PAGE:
Despite not being able to go to Tokyo in person, the students created critical pieces of work, exploring a range of the field-based methodologies covered in class. These included visual methods, field recordings, and archival work, with themes covering things like urban fashion, vegan cooking, urban wildlife and literary representations. The outputs were impressive. Some students produced physical artefacts, such as a replica of a neon sign exploring Tokyo’s nightlife; and a DIY ramen set made of felt pieces that participants could combine in different ways to explore the history and contemporary adaptability of culinary cultures. Others produced digital outputs, such as a policy brief on disability access during the Tokyo 2020 Olympics, a colour analysis of photographs of Tokyo street scenes critiquing the typical assumption of Tokyo as a 'grey' city and drawing in both colour theory and contemporary Tokyo Studies scholarship, and playlists exploring the relationship between music and the city. Others bridged the gap between material and digital objects, such as one student who explored the history of Tokyo street fashion by recreating various looks and staging a series of photo shoots that were then presented in the form of a digital magazine. We have sought permission from some of the students to showcase their work below.
In terms of delivery, some weeks worked better than others, with our cooking challenge probably being the most popular week among students. As part of the module, students were provided with a small budget for specialist ingredients and a copy of the cookbook "Tokyo Stories" by chef Tim Anderson, whose long term study of Japanese cuisine informs his practice, his restaurants and his writing. Students were asked to choose a recipe, prepare it and reflect on the process of cooking through a sensory approach, ranging from thinking about the feel of the ingredients, what they look like, and of course the taste and smell of the final product. Tim also joined a session with the students to explore the themes of the week, providing students with a chance to learn about both how Japanese food cultures have evolved historically, been discussed in academic literature and interpreted in the real world by writers, chefs and consumers.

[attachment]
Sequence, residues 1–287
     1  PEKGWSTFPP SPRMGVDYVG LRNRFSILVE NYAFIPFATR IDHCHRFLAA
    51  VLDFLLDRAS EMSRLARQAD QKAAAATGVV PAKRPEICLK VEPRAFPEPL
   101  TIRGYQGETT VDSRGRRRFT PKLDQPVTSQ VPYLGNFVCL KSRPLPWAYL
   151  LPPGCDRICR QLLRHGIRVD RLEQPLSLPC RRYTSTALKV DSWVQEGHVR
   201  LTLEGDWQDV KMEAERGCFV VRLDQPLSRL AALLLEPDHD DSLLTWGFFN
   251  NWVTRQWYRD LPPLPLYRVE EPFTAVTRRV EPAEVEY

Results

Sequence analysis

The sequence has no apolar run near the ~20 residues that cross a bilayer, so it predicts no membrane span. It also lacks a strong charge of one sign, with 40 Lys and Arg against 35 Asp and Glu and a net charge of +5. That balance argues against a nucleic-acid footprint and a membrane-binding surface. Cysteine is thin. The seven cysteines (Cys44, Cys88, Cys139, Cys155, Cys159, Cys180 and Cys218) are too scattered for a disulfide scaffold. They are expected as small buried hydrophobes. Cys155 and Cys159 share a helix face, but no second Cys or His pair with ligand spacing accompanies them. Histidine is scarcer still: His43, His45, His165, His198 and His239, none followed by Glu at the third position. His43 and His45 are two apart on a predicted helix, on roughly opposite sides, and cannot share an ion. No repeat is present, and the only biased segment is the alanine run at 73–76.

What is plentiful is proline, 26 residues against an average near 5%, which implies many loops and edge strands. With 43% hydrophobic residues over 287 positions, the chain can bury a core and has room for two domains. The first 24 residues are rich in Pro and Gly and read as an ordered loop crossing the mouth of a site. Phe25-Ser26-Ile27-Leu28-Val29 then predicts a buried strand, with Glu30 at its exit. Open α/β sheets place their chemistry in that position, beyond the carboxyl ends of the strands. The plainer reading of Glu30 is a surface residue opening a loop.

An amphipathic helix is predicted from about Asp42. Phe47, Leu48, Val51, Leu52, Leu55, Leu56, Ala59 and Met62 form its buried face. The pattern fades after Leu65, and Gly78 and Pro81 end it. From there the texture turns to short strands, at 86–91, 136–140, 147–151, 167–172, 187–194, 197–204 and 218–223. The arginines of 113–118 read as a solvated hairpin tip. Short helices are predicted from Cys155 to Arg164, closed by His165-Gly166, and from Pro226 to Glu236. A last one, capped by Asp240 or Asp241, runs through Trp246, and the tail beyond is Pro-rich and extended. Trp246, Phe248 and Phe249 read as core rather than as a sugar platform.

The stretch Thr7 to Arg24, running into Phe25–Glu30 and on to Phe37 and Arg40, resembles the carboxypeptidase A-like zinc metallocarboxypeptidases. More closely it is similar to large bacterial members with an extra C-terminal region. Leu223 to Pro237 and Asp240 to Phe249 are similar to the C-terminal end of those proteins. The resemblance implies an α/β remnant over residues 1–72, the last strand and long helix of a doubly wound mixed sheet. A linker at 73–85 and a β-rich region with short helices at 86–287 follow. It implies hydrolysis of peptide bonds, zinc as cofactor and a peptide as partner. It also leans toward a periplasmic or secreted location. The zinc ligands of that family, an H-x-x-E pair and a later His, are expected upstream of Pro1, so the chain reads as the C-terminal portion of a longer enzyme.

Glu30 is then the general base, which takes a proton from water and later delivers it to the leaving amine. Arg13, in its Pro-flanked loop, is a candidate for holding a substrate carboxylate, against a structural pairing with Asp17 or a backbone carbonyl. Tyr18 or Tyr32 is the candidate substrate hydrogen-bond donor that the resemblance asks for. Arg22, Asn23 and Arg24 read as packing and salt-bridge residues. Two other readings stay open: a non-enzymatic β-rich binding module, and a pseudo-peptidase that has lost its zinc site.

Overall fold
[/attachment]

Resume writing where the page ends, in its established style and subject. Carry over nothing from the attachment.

Anderson was one of several guest speakers who joined the module, including the translator Morgan Giles who discussed her work on the book 'Tokyo Ueno Station' by Yu Miri (which we also provided to students), and the processes of translation from Japanese to English, as well as one of our PhD students Chris Schimkowsky who talked to the students about his research on manner posters in Japanese public spaces. Online delivery did certainly make it easier for speakers further afield to join the discussions, and this aspect is something we may well retain after the pandemic.
The student feedback we have received has been overwhelmingly positive, with students reporting having enjoyed new ways of engaging with knowledge and the chance to be more creative. Some noted that the module helped them return back to their studies after a leave of absence, while others noted that the module's delivery was more suitable to their learning style, and that the flexibility in module design and delivery was more responsive to the needs of those with particular disabilities. However, more creative and diverse modes of delivery, engagement and production of knowledge also sometimes came into conflict with rigid restrictions around assessment and feedback set by central administrators. While the focus on standardisation in teaching administration can be helpful in ensuring consistency, we would question whether this benefit is outweighed by the difficulties this rigidity can cause for teachers who want to deliver modules that are responsive to both student need and to changing scholarship, including in innovative pedagogy. The specific context of the pandemic allowed us to experiment with form and delivery in ways that would have been much more difficult in ‘normal’ times.
Overall, the module has attracted interest both at the departmental and faculty levels, where it has also been written up into a short case study on enhancing fieldwork experiences with digital learning, available for staff across the university. We also currently have plans to write up some of the experiences of delivering the module into a research paper, focusing on what we can learn from the pandemic experience and its impact on the pedagogy of teaching fieldwork and Area Studies. More to come then, but for now please enjoy the excellent work of some of our students!